Mental Pollution

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Backdoor, photograph

“Photographs, which cannot themselves explain anything, are inexhaustible invitations to deduction, speculation, and fantasy.”

– Susan Sontag

I’m reading Sontag’s seminal work “On Photography” and finding it thought provoking.

She is making a point here that our photograph-dominated culture has created a view of social reality that is a series of unrelated anecdotes, undermining a sense of continuity. Each photograph is a discrete and arbitrary framing of reality which presents us with the opportunity to seek what is beyond it. The photograph hides more than it reveals – it can never reveal the underlying reality of what it depicts. Instead it presents a surface level view, which invites the “deduction, speculation, and fantasy” mentioned above.

Therein lies our fascination with the medium. I think there is a unique relationship between photography and the world that does not exist between painting and it’s subjects. There is a literal and obvious way in which the camera records reality – initially we are tempted to accept what the camera captures as reality. Yet a photogaph’s ability to explain reality is so compromised that it inevitably triggers our efforts to understand the underlying story in a way which is irresistible.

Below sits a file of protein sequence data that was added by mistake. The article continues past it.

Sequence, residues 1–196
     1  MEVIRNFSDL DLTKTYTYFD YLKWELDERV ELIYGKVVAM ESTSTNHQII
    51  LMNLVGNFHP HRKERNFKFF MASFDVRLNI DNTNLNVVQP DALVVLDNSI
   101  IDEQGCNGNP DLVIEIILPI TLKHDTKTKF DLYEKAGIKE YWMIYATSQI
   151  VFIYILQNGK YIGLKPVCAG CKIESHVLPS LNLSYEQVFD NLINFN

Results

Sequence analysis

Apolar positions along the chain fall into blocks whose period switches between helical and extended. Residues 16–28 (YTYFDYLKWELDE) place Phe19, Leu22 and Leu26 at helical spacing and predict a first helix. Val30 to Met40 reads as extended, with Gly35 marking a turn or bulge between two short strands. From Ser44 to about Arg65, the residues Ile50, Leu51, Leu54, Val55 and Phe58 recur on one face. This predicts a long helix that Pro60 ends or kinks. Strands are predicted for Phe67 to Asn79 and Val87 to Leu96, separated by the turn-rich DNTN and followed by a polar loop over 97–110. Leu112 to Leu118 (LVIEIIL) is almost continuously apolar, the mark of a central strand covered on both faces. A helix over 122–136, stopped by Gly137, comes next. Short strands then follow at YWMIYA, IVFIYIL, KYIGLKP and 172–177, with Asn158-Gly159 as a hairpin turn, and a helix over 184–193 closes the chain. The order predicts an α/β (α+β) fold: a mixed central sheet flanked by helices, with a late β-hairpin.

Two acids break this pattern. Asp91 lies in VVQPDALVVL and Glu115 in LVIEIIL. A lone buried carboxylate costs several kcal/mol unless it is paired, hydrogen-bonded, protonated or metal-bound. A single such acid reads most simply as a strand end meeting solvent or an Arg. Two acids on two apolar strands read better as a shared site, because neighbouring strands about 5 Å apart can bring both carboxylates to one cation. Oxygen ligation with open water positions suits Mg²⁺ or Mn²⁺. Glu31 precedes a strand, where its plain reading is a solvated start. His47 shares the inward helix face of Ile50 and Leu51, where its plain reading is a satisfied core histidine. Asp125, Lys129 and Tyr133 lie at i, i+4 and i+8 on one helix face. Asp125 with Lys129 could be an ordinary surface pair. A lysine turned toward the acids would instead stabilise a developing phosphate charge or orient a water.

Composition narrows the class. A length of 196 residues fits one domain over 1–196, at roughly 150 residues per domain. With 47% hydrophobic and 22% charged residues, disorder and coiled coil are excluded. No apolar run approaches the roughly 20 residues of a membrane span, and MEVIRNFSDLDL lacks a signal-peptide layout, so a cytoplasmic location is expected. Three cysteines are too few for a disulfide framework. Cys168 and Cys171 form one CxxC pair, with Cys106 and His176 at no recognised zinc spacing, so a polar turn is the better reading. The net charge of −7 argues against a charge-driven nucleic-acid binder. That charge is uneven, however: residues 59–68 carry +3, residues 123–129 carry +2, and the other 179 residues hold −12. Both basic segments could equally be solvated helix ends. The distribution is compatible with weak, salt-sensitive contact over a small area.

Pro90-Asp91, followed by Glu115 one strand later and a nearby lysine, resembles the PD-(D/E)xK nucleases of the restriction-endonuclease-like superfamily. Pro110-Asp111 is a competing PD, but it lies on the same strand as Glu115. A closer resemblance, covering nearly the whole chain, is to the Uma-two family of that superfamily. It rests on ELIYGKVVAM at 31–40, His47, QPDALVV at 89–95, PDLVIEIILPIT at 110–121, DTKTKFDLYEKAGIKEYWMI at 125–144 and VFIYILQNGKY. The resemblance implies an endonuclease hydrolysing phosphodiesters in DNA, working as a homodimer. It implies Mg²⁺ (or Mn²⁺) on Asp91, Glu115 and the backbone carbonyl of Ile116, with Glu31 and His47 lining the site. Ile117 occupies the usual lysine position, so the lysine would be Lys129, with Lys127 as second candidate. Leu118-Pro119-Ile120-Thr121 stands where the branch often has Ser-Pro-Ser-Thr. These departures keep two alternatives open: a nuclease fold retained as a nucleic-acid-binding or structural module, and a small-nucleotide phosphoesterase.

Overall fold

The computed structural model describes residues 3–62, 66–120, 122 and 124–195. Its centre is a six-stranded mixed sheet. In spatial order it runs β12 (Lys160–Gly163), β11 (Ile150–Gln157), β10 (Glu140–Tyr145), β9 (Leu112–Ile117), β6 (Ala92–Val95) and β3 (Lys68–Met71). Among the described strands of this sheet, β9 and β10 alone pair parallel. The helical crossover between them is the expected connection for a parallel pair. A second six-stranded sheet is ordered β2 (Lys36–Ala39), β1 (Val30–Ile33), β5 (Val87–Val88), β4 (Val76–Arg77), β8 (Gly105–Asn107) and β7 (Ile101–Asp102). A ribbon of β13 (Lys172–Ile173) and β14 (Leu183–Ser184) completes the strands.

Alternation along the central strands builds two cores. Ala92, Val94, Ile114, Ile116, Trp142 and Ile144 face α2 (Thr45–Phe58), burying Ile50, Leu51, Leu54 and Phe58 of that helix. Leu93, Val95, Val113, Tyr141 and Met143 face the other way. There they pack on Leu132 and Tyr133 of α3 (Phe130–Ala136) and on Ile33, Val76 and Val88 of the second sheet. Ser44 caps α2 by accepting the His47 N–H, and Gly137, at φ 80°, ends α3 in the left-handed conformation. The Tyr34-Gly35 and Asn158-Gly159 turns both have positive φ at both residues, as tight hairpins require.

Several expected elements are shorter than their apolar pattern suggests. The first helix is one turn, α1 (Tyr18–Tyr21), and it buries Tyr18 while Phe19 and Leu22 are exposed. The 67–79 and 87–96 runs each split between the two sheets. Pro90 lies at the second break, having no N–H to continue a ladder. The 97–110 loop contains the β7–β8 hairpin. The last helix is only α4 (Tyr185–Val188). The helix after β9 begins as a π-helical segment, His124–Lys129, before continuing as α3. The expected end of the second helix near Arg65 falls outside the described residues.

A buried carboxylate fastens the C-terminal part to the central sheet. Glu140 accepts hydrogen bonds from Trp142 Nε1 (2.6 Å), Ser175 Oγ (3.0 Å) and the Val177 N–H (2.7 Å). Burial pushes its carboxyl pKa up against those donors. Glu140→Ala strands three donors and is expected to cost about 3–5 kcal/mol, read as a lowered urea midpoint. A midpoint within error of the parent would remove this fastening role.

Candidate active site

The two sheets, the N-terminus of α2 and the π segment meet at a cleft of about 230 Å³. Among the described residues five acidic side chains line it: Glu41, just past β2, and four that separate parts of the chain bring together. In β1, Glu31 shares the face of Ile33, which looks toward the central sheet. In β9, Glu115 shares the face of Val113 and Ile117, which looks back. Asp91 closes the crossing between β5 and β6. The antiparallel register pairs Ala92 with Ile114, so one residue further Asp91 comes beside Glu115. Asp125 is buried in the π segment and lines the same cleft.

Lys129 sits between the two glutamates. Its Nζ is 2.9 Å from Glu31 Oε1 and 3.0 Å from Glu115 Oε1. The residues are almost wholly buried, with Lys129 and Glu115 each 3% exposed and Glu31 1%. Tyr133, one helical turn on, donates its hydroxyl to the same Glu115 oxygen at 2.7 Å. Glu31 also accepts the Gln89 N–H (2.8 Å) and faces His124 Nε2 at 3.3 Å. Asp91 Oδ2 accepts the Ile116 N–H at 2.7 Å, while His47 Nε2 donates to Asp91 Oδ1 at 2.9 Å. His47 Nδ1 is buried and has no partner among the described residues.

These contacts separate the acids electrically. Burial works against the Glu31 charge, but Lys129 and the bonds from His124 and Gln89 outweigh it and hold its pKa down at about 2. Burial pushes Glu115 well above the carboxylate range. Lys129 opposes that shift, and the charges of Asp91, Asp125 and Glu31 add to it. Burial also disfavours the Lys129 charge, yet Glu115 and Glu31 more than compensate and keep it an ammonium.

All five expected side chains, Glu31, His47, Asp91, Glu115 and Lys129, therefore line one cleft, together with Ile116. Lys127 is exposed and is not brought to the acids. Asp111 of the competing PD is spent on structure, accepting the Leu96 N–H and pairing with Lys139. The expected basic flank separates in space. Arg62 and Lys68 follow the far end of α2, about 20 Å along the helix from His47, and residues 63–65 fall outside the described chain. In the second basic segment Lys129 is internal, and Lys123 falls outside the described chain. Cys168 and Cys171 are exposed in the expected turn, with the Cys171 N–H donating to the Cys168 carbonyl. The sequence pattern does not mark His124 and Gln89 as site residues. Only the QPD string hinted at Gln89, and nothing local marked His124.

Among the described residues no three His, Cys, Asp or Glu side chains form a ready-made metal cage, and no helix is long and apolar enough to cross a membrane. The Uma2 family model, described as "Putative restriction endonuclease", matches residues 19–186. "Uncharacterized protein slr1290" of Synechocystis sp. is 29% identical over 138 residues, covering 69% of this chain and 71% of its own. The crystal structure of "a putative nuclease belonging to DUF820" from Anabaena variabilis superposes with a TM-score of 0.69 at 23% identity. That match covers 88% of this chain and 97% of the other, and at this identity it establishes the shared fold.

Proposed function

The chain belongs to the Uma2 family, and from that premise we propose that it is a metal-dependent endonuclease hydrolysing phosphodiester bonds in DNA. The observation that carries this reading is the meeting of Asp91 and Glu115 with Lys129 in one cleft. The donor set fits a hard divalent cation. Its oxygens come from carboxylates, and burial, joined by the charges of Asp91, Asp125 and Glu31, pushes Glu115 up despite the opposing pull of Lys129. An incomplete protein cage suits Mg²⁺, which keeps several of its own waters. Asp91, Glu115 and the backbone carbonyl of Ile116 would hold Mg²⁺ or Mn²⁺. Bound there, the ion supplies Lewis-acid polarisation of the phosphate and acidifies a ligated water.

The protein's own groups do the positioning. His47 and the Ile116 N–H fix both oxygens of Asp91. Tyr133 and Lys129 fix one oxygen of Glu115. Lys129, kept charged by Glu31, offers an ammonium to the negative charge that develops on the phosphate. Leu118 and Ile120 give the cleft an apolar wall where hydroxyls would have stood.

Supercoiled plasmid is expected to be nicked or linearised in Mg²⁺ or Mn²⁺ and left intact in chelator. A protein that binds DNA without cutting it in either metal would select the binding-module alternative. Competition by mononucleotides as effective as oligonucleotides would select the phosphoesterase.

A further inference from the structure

Sontag accuses industrial nations of turning their citizens into “image-junkies” which she terms the most irresistible form of “mental pollution”.

More on this to come… but I find her discussion of the way in which photography has changed how we see and actually experience the world around us fascinating. I hope I’m not contributing too much to the sea of mental pollution out there!

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3 responses to “Mental Pollution

  1. We tend to view photographs as an invitation to interpret… instead of seeing that they are, in a very real way, just a slice of reality… a split second slice… I like to give the date and time of exposure when I display a photo as if to say this is reality at that time… not before or after but at the time the shutter was released… what goes on after or before that time is irrelevant to the photograph…and only invites confusion…..

  2. This is fascinating. I think I’d like to read that book.

    I love this photograph Bob, the “War of the Worlds” shadows created by the two light fixtures are wonderful.

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